|This is the talk page for discussing improvements to the Frederick, Maryland article.|
|WikiProject Maryland||(Rated C-class, High-importance)|
|WikiProject Cities||(Rated C-class, Low-importance)|
- 1 Late 19th century History Section
- 2 Image of farm
- 3 Flag
- 4 Fourth largest city in Maryland?
- 5 Frederick County Not Largest County
- 6 History Section
- 7 Arts Section
- 8 Schools Section
- 9 Silver Spring
- 10 Population
- 11 Tyler's Spite House
- 12 Unpublished manuscript
- 13 Former Mayor
- 14 Theater
- 15 city-data url
- 16 Maryland Route 144 no longer exists within City of Frederick
- 17 population_metro
- 18 "metro" population for minor component of MSA
- 19 Split
Late 19th century History Section
The section currently states:
- In 1872 the Pennsylvania Railroad completed its Frederick Secondary branch line, which ran from Frederick to York, Pennsylvania and Columbia, Pennsylvania.
The actual cited source on the page states... that it was the Frederick and Pennsylvania Line Railroad Company from Kingsdale to Frederick Md which opened October 8 1872. I propose to edit the section to reference the F&PL article in the link instead of the PRR in the current article...
Image of farm
This image doesn't belong here. It belongs maybe on Frederick, County article, but is not representative of Frederick City. I will take some pictures next time I am in the area. MB 19:52 1 Jul 2003 (UTC)
Agreed, I live there, a nice picture of downtown at christmas or the clustered spires would be nice :).--Crucio 23:56, 3 May 2004 (UTC)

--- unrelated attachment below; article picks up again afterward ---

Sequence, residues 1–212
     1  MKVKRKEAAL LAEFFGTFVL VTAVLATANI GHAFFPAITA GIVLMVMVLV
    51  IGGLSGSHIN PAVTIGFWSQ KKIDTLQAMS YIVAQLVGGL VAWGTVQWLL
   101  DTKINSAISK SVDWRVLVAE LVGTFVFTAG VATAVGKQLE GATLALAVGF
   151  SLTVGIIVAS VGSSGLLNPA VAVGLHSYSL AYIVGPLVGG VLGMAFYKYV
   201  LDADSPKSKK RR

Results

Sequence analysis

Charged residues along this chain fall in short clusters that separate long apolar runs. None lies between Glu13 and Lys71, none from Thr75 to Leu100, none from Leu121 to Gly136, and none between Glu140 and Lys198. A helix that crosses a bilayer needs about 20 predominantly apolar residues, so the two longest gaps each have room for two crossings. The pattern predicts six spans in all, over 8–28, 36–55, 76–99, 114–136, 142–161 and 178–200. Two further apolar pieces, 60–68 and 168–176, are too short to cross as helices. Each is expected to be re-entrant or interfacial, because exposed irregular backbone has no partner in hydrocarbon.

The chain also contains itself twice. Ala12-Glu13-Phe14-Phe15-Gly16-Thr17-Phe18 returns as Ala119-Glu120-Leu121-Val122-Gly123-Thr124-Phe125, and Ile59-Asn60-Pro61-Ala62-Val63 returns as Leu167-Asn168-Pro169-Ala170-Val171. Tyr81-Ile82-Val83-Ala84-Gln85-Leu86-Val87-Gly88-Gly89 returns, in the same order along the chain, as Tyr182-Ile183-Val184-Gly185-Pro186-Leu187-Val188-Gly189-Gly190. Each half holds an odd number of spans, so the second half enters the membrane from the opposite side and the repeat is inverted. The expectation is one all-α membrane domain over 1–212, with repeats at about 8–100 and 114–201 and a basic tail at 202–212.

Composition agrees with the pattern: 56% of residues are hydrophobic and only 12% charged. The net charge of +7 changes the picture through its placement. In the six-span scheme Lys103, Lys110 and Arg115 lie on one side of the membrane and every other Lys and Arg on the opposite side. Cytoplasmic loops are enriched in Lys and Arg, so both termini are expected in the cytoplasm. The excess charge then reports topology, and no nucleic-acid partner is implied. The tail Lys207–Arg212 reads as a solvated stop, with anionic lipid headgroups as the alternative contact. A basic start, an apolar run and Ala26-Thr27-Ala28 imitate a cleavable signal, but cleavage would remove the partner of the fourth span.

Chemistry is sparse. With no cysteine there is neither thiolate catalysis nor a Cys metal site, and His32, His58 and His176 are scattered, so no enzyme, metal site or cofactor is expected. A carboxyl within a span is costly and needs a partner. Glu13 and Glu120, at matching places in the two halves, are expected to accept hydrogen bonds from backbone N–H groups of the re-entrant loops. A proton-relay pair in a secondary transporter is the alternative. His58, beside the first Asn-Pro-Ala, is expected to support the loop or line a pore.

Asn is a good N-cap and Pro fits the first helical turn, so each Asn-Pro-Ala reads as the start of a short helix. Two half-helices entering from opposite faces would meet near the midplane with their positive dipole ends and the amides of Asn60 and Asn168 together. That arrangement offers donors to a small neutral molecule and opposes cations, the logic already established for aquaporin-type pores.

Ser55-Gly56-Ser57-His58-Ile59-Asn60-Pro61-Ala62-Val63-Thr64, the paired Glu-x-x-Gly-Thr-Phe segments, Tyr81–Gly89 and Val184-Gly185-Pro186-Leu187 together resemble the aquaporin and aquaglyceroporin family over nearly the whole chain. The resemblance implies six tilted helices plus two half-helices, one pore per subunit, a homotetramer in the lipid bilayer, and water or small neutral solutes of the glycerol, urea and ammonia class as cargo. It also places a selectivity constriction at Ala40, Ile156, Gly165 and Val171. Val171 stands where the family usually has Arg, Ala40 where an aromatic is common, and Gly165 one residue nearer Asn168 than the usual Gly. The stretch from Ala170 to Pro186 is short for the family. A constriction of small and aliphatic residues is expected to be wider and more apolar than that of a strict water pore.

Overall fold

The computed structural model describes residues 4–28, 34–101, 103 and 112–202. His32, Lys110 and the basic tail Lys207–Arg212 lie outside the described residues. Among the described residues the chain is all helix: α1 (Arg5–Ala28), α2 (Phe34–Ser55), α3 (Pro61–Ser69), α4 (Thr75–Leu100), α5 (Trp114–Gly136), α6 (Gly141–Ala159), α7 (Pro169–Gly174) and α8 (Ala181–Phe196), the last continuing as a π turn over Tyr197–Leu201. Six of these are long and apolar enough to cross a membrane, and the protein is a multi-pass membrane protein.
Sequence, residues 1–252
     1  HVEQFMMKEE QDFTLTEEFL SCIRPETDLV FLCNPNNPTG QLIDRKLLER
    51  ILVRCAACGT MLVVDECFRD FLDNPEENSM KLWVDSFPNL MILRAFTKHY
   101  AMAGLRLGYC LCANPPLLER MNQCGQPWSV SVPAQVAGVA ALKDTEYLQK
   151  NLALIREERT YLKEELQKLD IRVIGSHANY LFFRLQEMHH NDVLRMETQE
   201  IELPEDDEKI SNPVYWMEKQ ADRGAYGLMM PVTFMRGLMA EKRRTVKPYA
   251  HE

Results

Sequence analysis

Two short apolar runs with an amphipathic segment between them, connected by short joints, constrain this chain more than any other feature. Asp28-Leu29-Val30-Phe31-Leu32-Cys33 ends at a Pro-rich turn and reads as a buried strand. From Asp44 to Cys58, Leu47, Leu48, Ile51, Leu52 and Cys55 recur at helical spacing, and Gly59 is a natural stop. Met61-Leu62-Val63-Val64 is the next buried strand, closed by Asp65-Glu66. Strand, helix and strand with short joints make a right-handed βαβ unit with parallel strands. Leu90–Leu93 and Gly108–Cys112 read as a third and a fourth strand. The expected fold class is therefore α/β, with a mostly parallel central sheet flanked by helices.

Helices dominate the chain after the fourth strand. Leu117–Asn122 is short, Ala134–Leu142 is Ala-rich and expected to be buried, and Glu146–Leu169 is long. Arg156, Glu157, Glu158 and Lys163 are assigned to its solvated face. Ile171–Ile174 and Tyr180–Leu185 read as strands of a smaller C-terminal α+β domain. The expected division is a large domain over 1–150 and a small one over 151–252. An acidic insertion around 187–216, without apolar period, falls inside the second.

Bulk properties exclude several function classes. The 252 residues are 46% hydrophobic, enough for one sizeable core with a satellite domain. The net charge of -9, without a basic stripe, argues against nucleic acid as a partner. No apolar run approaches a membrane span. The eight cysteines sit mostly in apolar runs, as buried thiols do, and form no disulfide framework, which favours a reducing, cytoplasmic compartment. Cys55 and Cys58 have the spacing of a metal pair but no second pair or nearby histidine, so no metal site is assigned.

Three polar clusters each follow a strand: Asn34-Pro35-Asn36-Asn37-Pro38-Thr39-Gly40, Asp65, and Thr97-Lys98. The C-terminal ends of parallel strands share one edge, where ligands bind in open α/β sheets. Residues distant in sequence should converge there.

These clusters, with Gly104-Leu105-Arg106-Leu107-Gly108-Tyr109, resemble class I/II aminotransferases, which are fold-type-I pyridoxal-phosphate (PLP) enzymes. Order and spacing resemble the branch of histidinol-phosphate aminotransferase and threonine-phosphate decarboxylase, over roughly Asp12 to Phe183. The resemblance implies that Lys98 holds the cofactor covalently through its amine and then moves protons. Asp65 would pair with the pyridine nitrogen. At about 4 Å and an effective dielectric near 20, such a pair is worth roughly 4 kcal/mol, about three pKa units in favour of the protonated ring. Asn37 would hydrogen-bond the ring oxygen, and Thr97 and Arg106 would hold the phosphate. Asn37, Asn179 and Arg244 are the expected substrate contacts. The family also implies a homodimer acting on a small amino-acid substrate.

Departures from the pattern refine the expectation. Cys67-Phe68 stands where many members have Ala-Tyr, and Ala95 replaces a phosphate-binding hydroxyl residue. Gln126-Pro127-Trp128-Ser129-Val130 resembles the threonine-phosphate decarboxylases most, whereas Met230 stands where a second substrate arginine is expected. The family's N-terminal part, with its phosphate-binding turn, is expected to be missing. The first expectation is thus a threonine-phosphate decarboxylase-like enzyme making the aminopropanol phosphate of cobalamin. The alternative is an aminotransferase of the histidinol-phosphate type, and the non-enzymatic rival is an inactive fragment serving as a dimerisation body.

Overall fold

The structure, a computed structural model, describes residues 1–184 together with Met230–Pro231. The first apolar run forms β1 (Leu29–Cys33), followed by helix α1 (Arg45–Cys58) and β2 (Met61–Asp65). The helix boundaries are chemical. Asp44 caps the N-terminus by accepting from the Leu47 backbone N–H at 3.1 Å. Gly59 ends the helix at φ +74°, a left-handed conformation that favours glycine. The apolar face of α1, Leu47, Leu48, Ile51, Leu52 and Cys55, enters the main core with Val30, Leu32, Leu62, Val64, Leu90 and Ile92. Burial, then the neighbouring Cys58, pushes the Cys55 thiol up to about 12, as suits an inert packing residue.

Fourth largest city in Maryland?
According to both the Rockville and the Frederick articles, they are both the fourth most populous cities in the state of Maryland. Which is larger? And which census updates are used to determine these? Alex 05:43, 19 October 2005 (UTC)
Frederick County Not Largest County
I'm from Frederick and I always love hearing about its history. Would anyone like to create a history section for this page? I would dearly love to, but I don't really have the time or know where to find the most important information. So if someone out there would like to at least start this, I would be very grateful. Contrafool 16:58, 8 April 2006 (UTC)
The mention of colleges in Frederick, MD and also the mention of a sister city seem to have no relevance to the arts and should be in a different section. ----jake brooks, march 27th, 2008
The schools section listed here should be moved to the county page because the county serves as the basis for the school system in MD. When I get around to it, I will move the information into the county page, clean it up, and hopefully create an article for the FCPS too.Jason Smith 02:37, 21 February 2007 (UTC)
Both Silver Spring and Columbia MD are more populous than Frederick, but these are unincorporated areas. Frederick is the second largest incorporated city behind Baltimore. —Preceding unsigned comment added by 22.214.171.124 (talk) 18:22, 10 April 2011 (UTC)
Frederick according to the population stats is the second largest city in Maryland, although it says third on this page. I believe third is actually Gaithersburg. But how do you edit that top section? 126.96.36.199 19:36, 5 October 2007 (UTC)